Sierra Leone Telegraph: 7 April 2022:
A delegation of International Monetary Fund economic assessors are in Sierra Leone to review the Bio-led government’s performance in managing the country’s economy, as the government struggles to meet its financial obligations. Thousands of public sector workers have gone without pay for several months, including dock workers who have gone on strike.
But critics of the government say that the government’s use of the Covid pandemic and the war in Ukraine as an excuse for the dire economic conditions the people of Sierra Leone now face after four years of SLPP rule is untenable. They accuse the Bio-led government of incompetence, slothfulness, and corruption.
In September 2019, an IMF Mission led by Karen Ongley visited Sierra Leone and expressed confidence in the government’s handling of the economy, after discussions with the government on progress toward structural reforms.
Speaking about the discussions, Ms. Ongley said: “Today, we concluded a week of useful technical discussions in Freetown. Our discussions with stakeholders included an update on economic developments and engagement on the structural reform agenda ahead of the next visit to discuss the second review under the Enhanced Credit Facility (ECF) slated for later this year.”
Expressing confidence in the government’s handling of the economy, she said: “Economic performance in the first half of 2019 has been broadly in line with projections at the time of the first review under the ECF, according to preliminary data. Budget developments and credit to the government appear to have been within target, thanks to robust revenue collection and continued, although easing, under‑spending. Gross international reserves increased to almost US $517 million at end‑June (about 3½ months of imports).
“Discussions centred around the government’s progress in developing a strategy to clear a stock of domestic arrears. The government is finalizing the reconciliation of domestic payment arrears and discussed with IMF staff possible options to clear arrears consistent with debt sustainability and supported by reforms to strengthen public financial management.”
Also in June 2019, when the IMF completed its first review of the Bio-led government’s economic performance, the IMF said that “the government’s reform agenda will secure fiscal sustainability, create space for priority spending, and lay the foundation for inclusive growth and poverty reduction.”
But three years on, little can be said of the government’s performance in managing the economy as cost-of-living rises, inflation soars, youth unemployment grows, and most households facing extreme poverty.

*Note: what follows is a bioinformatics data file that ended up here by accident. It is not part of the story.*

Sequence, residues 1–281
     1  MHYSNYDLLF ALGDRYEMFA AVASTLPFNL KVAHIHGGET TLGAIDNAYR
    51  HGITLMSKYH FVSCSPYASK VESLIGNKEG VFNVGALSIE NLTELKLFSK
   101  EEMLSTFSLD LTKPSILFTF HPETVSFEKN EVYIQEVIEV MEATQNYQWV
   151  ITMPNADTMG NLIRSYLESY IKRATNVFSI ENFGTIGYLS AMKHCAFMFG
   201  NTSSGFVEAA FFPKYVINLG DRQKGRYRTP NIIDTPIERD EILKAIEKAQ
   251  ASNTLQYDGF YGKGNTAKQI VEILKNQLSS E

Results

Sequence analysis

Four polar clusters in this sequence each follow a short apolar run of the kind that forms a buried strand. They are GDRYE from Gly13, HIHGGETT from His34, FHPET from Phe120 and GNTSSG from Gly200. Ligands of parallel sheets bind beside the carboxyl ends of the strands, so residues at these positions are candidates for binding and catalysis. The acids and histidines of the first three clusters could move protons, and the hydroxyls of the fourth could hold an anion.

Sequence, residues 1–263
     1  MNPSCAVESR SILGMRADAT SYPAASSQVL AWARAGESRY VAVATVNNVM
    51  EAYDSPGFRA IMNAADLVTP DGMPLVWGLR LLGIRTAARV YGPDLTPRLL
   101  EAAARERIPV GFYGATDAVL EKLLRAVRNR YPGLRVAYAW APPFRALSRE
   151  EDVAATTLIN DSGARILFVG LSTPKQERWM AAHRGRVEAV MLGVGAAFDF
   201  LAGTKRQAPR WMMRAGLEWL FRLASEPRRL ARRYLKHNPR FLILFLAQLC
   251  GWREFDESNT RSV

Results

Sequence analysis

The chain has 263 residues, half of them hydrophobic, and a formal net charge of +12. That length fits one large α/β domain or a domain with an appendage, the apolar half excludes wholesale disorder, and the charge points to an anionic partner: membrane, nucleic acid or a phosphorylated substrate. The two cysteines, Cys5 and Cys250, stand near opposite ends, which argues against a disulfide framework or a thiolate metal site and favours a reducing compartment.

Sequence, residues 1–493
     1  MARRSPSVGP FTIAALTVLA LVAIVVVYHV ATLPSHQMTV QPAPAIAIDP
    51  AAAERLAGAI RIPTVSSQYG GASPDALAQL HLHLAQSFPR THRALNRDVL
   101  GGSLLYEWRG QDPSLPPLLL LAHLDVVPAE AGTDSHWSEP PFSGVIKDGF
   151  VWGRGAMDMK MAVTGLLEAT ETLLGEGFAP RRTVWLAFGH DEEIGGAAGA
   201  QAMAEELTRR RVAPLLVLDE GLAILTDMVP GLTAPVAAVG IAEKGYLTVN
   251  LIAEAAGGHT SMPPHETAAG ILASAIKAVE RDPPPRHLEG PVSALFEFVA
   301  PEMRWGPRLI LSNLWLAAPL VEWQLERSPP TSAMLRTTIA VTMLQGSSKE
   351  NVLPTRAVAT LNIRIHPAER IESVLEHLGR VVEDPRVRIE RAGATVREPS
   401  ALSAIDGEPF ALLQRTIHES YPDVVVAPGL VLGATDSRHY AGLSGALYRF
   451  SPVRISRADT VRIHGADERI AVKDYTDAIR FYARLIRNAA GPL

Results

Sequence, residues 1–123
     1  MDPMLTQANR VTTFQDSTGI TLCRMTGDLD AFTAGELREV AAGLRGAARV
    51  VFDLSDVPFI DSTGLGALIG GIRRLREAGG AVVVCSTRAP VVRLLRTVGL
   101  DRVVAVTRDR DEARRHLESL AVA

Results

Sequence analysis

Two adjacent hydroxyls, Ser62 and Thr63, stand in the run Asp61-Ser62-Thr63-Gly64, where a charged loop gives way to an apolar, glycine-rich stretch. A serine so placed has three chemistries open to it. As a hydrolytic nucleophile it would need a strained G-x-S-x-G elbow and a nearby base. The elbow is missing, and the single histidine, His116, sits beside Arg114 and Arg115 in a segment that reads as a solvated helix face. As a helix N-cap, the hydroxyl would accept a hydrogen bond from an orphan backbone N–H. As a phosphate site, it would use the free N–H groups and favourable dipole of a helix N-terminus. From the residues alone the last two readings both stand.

Today, the IMF delegation visited the Freetown City Council (Photo above) as part of its review of the country’s economy and the government’s economic performance; and they spoke with Mayor Yvonne Aki-Sawyerr. After their meeting, this is what Mayor Aki-Sawyerr said:
“It was a pleasure to today receive the visiting IMF Delegation led by Mission Chief Sukhwinder Singh and IMF Country Representative Monique Newiak. Recognizing that Freetown accounts for 30% of “Sierra Leone’s GDP, we had extensive discussions around the multi-sectoral, data-driven and inclusive approach of the #TransformFreetown agenda. I explained how, because of a commitment to transparency and accountability, FCC reports on progress made against its 19 targets in the annual publications of the Transform Freetown report.
“I was pleased to use this opportunity to present to the delegation a copy of the Transform Freetown Overview and the First Year, Second Year and Third Year Reports.
“Our discussions also covered the innovative digital property reforms introduced at FCC in 2020; the MOPTAX system is now being promoted as a model for other cities in Africa. I stressed the importance of revenue collection for effective service delivery and explained how 20% of revenue collected by wards can now be ring fenced for direct expenditure in those wards.
“The ongoing construction of the three-story market in Wilberforce Village is an example of property rate collection being put to use for residents as is the daily sweeping of our city’s streets.
“Today’s discussions covered a range of other subjects including the urgent need for consistent climate action. FCC is planting, monitoring and digitally tracking 1m trees through the #FreetownTheTreeTown initiative whilst we are witnessing ongoing massive deforestation of millions of trees nationally due to the sale of protected forests for housing and unfettered timber logging. Climate change and home-grown environmental destruction are major risks to our economic growth and consistent action to effectively address these challenges is required.
“I was joined at the meeting by the Chief Administrator and the Mayor’s Delivery Team Lead.“
The IMF is expected to publish its country review report in the coming days, which would not make for pretty reading.